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Jonathan Little is a highly regarded poker pro and writer/teacher; but that doesn’t mean he is always correct. In a recent publication, he described an interesting hand in a high-stakes no-limit hold’em tournament that cost him a substantial portion of his chip stacks.

The table was seven handed. In a late position Jonathan was dealt pocket Kings – a great starting-hand. This is a made hand preflop. It could win the pot without further improvement. Most likely, it will not improve, with only two outs to catch a set. The odds are about 8-to-1 against. Then, after the flop, the odds increase to about 11-to-1 against.

So, keeping that in mind, what is the best way to play this hand? Jonathan re-raised preflop from his hijack position after a raise from “a splashy player.” It would have been interesting to know how that opponent’s “splashy” playing style affected Jonathan’s decisions during that hand. And, I am curious as to how he decided on the amount of his reraise. Indeed, what was his strategy while playing his K-K in the hole?

In any case, I agree a re-raise was the right decision. Before the flop, Jonathan’s pocket Kings almost certainly was the top hand. Only pocket Aces would have been better, for which the odds were much against any of his six opponents holding that hand – almost 40-to-1.

Since he was not likely to improve his pocket Kings, he should protect it as much as possible. How? The amount of his re-raise is one way; the more chips he wagers, the less likely an opponent will call with a marginal drawing hand – like Q-10 offsuit.

A second tactic to thin the playing field is the Esther Bluff. As I have explained in previous columns, it’s a psychological method for embedding your message into your opponent’s “head,” convincing him to fold his hand and save his chips.

As the hand played out, the flop included a Queen and a ten, giving an opponent two-pair, which ultimately took that pot away from Jonathan. He commented at the end of his column: “It certainly could have been worse.” Perhaps so; yes, he could have lost even more of his precious chips. But, that’s a negative way of looking at this situation; I would prefer to look at it from a positive viewpoint: How could he have prevented the loss – and, more likely, won that pot?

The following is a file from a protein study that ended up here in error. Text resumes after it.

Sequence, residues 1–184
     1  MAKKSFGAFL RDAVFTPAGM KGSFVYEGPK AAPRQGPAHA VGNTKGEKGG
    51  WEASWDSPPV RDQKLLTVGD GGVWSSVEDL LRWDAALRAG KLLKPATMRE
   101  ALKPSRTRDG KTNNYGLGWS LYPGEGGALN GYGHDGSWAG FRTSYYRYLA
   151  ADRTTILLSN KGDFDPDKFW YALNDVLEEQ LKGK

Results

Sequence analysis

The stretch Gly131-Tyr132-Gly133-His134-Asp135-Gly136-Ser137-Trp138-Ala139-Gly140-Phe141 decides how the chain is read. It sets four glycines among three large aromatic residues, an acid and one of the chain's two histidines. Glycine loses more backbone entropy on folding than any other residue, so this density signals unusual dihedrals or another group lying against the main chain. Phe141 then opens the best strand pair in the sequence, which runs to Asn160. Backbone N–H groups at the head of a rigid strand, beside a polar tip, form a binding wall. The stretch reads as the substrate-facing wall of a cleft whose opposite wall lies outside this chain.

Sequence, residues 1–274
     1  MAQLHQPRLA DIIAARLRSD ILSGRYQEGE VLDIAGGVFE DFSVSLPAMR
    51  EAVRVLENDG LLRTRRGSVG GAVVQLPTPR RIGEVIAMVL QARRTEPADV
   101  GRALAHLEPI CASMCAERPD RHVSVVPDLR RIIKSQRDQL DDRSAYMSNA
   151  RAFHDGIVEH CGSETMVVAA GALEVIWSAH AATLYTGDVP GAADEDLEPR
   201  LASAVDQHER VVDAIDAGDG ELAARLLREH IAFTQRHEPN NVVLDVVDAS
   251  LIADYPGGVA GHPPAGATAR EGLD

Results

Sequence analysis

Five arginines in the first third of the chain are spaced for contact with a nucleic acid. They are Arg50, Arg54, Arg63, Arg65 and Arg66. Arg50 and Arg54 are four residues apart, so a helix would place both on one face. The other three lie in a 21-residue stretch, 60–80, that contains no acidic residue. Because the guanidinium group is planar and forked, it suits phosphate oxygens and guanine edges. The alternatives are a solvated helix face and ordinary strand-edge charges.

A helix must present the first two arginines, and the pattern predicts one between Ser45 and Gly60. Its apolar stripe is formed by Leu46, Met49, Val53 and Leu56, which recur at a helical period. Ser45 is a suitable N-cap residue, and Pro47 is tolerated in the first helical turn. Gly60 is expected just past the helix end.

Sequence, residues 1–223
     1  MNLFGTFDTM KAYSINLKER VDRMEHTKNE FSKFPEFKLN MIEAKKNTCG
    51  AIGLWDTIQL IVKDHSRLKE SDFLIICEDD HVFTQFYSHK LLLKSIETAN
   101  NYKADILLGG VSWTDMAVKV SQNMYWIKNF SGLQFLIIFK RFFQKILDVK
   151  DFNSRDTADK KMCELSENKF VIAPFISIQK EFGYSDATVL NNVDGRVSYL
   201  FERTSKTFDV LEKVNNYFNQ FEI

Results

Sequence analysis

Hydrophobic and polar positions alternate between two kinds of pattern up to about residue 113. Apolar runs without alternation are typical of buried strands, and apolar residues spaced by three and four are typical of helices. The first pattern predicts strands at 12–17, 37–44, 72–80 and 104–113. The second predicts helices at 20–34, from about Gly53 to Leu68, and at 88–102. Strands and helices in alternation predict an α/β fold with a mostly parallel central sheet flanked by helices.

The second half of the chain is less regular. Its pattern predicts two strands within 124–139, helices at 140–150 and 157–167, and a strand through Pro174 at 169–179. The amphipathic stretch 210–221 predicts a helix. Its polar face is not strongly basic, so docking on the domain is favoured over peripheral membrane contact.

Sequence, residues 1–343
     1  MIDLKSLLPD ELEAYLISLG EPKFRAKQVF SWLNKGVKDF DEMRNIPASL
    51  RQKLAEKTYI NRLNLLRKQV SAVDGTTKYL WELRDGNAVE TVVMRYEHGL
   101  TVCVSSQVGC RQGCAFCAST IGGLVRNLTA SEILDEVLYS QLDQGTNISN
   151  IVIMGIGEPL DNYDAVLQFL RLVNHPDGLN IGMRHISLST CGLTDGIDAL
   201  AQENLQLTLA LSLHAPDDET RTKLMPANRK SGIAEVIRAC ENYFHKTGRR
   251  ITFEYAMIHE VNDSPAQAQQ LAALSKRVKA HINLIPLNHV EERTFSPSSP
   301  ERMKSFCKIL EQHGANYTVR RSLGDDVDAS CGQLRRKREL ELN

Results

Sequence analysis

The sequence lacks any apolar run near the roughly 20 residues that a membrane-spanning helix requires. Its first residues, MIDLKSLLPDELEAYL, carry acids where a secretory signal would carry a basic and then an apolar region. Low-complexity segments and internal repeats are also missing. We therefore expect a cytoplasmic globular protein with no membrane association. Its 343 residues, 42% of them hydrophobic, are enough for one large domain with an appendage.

It’s a matter of probability: Preflop, pocket Kings is about a 70 percent favorite over each opponent’s hand. With three or more opponents staying to see the flop, it becomes a distinct underdog – more likely to lose. So, Jonathan was wise to re-raise preflop to discourage callers. Unfortunately for Jonathan, an opponent holding Q-10 offsuit, chose to call his preflop re-raise – and, ultimately connected with the two-pair hand that took the pot away from him.

In hindsight, I cannot but wonder what would have been the end result if Jonathan had made a bigger raise; and what if he had also used the Esther Bluff tactic.

I recognize Little is a highly qualified poker pro and I read his words often. He has twice won the WPT championship and earned more than $6 million in big tournaments. So, before submitting this column for publication in GamingToday, I thought I should invite Jonathan to comment on my draft.

His response.

“If you are afraid of getting outdrawn, you should push all-in before the flop. That certainly isn’t how you win at poker though. When you play in a manner to extract maximum value, sometimes you get outdrawn. Also, I am certainly not trying to bluff with K-K. I want calls from all sorts of junk, recognizing that sometimes I will lose.”

Based on Jonathan’s comment, I realize we are looking at similar situations from different perspectives: I as a low-limit cash-game recreational player, and he as a no-limit/tournament player. That can make a big difference.

About the Author

George Epstein

A retired engineer, George Epstein is the author of “The Greatest Book of Poker for Winners!” and “Hold’em or Fold’em? – An Algorithm for Making the Key Decision.” He teaches poker courses and conducts a unique Poker Lab at the Claude Pepper Senior Center under the auspices of the City of Los Angeles Dept. of Recreation and Parks and at West Los Angeles College.

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